Champagne. Brie. Paddington Bear. Ikea. Privacy rights. The list of things the EU exports to the U.S. is ever expanding. With its broad definition of personal data and expansive extraterritorial reach, the EU’s General Data Protection Regulation (the “GDPR”) is changing how businesses think about consumer and employee privacy globally. Is your business using cookies or pixels to collect information about visitors to your website? Shipping goods to customers in the EU? Are you a vendor to an EU business? Then you could be subject to the processing restrictions, burdensome vendor management requirements, 72-hour breach notification requirement, and fines of 4% of worldwide revenues for noncompliance. Even if your business is not subject to GDPR, legislation recently introduced in the U.S. to strengthen privacy protections demonstrates that the GDPR has already had international influence – and it’s not even effective yet.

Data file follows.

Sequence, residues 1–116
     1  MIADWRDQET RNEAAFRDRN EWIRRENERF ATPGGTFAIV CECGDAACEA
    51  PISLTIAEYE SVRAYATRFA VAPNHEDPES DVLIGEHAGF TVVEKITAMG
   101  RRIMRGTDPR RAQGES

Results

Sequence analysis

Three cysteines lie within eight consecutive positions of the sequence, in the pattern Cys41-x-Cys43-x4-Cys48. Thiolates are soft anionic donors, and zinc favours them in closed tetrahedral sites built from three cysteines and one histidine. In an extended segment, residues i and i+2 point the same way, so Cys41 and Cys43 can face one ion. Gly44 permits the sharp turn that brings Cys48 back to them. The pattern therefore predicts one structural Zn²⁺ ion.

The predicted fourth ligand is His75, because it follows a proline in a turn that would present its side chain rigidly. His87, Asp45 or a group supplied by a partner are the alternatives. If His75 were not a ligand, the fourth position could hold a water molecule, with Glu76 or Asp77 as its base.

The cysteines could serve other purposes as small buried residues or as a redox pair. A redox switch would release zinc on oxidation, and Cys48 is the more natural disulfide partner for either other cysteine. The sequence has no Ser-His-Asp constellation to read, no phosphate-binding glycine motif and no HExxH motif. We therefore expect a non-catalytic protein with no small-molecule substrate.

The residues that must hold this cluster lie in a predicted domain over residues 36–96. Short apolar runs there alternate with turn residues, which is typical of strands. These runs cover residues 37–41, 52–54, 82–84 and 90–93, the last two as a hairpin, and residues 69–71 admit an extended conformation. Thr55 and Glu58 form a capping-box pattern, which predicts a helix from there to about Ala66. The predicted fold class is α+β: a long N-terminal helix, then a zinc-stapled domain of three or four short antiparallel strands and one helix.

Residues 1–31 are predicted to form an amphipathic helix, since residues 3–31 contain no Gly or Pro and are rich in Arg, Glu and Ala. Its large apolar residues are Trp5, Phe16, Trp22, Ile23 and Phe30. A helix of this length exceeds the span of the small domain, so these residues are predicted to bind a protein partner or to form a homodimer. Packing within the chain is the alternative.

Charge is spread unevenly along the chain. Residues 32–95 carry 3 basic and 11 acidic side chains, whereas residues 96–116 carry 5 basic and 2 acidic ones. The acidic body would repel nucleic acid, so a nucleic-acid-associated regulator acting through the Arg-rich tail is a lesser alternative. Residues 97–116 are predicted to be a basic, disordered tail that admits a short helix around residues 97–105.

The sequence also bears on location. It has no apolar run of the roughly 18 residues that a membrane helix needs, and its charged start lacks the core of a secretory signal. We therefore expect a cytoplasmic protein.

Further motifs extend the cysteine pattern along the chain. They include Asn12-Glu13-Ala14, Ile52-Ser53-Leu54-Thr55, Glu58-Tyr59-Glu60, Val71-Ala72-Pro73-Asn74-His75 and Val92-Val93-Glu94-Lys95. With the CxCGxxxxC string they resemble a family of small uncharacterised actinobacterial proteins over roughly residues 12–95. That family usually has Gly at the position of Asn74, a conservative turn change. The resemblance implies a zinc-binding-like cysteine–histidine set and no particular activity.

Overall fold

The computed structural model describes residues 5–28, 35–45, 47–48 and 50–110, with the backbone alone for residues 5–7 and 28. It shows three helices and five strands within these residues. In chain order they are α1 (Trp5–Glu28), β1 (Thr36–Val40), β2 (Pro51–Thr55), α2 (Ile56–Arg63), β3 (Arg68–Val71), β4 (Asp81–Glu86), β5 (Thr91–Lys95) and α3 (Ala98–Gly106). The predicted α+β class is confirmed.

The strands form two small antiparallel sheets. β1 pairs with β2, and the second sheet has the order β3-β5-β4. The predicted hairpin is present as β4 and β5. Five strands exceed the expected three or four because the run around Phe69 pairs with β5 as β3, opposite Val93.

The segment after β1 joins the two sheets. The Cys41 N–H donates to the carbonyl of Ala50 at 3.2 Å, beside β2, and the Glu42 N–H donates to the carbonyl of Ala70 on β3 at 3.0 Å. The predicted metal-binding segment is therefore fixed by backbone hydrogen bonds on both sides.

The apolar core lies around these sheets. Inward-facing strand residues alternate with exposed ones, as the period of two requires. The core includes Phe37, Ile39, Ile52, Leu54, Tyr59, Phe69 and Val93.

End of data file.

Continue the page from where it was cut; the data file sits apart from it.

In this presentation, we discussed “best practices” regarding the collection, storage, and sharing of consumer data are changing as a result of GDPR, and how you can keep from falling behind the curve.
- The ways in which a U.S.-based business could be impacted by GDPR
- Practical steps that your business can take in the days before May 25
- Long-term strategies to reduce the risk associated with information assets and stay ahead of the changing U.S. regulatory landscape